- Posted August 11, 2014 by
This iReport is part of an assignment:
First Person: Your essays
The abyss between military and civilian cultures
Four years ago on a deployment to Afghanistan I was assigned to monitor and mentor a network of Afghan logistics companies that were based on the outskirts of Kabul. We would make frequent trips to various sites to inspect their operations and ensure military logistical support contracts were being faithfully executed.
One of these trips changed my life.
I was making my rounds through a shipping yard one morning with some Afghan businessmen and our assigned security team. The massive doors to the compound suddenly swung open and a flatbed truck entered carrying the wreckage of an Afghan transport truck and its trailer.
The Taliban had destroyed the truck and trailer due to the NATO supplies they were transporting (which were non-lethal, by the way).
The burnt out wreckage was laid to rest in the corner of the yard with hundreds of other destroyed vehicles. I walked up to the wreckage and was instantly overcome with the worst odor I had ever known.
We all quickly realized this was the smell of burnt human flesh and bone.
I stood at the back of the destroyed shipping container while the Afghan workers struggled to open the burnt container doors. I have never felt so sick to my stomach as I did in that moment, anticipating what was about to happen next. Unfortunately, my imagination grossly underestimated what we were about to see.
The doors swung wide open, instantly exposing two charred corpses sprawled next to the doors.
The author with Afghan police in Afghanistan, 2010.
The Taliban had captured and executed the driver of the truck and his traveling companion — his young son.
The Taliban placed their two victims in the metal shipping container and then lit it on fire from the inside, sentencing the Afghan father and son to the cruelest of deaths.
You could see the panic and fear of the man and boy melted into their corpses. There were scratch marks all inside the metal container, evidence of a futile, desperate attempt to live.
This moment is something that will haunt me forever. But the sad truth is that this experience is still relatively mild compared to what other U.S. service men and women have endured and witnessed.
I was fortunate to have a mild set of deployment experiences and to return home physically unharmed. I am only now, four years later, starting to revisit these experiences and talk about them openly due to a recent catalyst for change in my personal life that drove me to face my demons.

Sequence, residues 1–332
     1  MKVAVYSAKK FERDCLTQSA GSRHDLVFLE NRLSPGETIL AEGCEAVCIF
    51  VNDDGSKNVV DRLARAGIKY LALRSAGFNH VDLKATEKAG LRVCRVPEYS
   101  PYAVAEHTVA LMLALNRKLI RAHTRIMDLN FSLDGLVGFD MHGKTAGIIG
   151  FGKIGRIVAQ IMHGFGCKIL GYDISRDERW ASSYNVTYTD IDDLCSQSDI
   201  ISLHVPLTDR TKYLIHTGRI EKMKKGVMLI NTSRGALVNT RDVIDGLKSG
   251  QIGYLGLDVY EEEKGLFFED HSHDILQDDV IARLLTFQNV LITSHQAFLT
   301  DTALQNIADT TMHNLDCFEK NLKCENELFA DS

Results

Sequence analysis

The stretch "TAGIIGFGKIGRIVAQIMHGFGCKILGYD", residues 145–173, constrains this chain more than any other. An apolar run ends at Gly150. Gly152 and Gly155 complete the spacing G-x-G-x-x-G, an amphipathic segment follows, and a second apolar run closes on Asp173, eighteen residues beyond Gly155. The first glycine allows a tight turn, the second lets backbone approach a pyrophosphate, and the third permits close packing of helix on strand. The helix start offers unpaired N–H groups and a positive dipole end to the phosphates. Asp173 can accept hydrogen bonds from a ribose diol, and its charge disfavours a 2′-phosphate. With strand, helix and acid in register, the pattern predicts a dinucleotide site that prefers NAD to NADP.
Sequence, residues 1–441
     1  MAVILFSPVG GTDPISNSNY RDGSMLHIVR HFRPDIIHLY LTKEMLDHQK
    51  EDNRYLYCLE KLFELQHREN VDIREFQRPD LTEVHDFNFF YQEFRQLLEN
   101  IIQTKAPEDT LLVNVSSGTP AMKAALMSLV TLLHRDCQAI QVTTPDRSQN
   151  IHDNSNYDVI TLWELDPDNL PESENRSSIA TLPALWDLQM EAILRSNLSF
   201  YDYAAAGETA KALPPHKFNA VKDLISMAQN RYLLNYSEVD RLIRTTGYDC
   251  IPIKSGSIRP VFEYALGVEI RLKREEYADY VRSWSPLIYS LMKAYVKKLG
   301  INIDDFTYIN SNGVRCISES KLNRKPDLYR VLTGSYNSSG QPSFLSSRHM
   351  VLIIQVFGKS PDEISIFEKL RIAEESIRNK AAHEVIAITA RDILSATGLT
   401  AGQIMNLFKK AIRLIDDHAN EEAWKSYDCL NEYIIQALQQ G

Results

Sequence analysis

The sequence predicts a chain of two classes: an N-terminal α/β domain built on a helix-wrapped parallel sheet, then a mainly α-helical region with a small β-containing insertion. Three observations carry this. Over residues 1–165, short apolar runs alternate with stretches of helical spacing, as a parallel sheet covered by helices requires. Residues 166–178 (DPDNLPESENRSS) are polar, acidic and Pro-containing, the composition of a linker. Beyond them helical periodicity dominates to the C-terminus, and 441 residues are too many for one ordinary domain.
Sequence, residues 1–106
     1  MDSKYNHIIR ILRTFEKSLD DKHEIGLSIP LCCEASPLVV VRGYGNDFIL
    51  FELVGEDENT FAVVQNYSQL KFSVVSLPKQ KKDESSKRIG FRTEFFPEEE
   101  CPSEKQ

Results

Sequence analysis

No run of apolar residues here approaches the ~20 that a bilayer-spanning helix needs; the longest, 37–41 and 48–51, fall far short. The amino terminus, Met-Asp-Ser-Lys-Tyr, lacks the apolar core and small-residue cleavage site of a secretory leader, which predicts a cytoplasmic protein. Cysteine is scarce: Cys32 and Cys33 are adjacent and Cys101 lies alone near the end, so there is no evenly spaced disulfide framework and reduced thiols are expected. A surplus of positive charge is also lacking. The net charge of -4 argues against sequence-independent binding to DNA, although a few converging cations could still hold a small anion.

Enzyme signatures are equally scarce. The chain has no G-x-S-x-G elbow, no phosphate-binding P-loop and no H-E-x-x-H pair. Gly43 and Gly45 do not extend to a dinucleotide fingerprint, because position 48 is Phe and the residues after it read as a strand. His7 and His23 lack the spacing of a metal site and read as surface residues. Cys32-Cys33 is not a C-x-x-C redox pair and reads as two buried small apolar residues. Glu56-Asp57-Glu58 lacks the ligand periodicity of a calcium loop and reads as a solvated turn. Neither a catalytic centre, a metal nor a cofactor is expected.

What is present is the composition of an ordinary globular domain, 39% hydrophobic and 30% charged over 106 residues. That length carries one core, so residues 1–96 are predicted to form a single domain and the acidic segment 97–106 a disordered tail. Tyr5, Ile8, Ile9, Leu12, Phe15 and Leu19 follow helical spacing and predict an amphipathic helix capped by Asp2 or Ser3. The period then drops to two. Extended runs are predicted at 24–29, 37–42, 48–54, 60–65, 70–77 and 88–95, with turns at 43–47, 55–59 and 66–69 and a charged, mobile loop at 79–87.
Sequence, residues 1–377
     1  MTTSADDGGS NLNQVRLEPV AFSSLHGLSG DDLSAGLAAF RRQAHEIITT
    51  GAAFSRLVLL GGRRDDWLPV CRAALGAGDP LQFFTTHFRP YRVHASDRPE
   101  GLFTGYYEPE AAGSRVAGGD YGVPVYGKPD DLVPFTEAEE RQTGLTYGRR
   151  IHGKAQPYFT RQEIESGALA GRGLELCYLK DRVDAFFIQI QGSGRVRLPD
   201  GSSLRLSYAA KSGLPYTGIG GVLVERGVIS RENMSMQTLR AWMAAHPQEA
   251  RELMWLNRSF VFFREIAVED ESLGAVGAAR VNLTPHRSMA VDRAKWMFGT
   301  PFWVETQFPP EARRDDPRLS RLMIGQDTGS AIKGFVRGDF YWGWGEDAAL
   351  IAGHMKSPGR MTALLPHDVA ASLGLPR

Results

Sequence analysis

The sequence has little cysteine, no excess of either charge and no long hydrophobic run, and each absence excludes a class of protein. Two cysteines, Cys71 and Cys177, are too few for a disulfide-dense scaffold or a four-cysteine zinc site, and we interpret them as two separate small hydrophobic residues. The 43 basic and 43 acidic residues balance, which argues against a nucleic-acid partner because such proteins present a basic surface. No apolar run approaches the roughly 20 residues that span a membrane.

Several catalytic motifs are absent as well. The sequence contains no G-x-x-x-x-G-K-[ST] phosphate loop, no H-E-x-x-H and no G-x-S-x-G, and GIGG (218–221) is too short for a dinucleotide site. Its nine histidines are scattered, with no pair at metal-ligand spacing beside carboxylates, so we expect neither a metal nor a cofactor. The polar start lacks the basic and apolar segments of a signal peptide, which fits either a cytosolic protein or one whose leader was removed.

So, why am I writing an article about this horrible and sad event? It’s been four years now; why even bring it up?
The reason is that I have grown tired with our country's apathy toward what is happening around the world.
I have been talking a lot with my military peers lately, and I sense a rising tide of disappointment among veterans with those who have never served.
Most people with whom we interact cannot even place Afghanistan or Iraq on a map, but they still have incredibly strong opinions about what we have tried to do there. We don’t understand why our fellow countrymen don’t care enough to learn about these places and the issues that affect them, so they at least have the faintest clue about what they are sending these young men and women off to endure.
It is easy to say thank you to a someone in the military for their service, but it is far more important to actually know and care about the underlying issues affecting their lives. It takes effort to forge an informed opinion and participate in the democratic process to effect change.
Since leaving the military a few months ago, most of the people I've met in the civilian world haven’t experienced true adversity in their lives, although they think they have. Most of these “challenges” are in the pursuit of personal happiness and nothing more.
They brag about their big adventures to Australia or Europe, talking about how enlightened they are and how much they love to travel. They complain about how uncultured Americans are compared with the rest of the world. Right. Try spending half a year in Afghanistan, then tell me what the rest of the world is like.
Their problems seem petty. Getting over a failed relationship, not getting a dream job, or whatever other trivial event over which someone might lament are not really problems at all, and it is baffling that our generation doesn’t have the courage to confront and overcome such overcome-able issues.
What happened to the resiliency and the ability for people to defeat obstacles? We are breeding a generation who just throw up their hands and quit in the face of adversity, instead of leveraging challenges as motivation to learn, grow and become a better person.
These people cannot possibly understand what it is like to take an oath to sacrifice their minds and bodies to protect a population that won’t even take the time to look at a map to know where their friends went to die.
With the greatest generation slipping closer and closer to becoming a memory, and with only 1 percent of the current U.S. population ever having served, I am concerned about the mental and moral fortitude of the future leaders of this country.
We cannot allow the United States to continue down a path where the burden of defending what is right and good in the world falls on a continually smaller and smaller percentage of the population.
Our country is divided between those who have the courage to stand up and sacrifice everything for others, while the rest stay seated, happily allowing someone else to pay the necessary price to maintain our way of life.
What happens to our country when the only people left are those who stayed seated?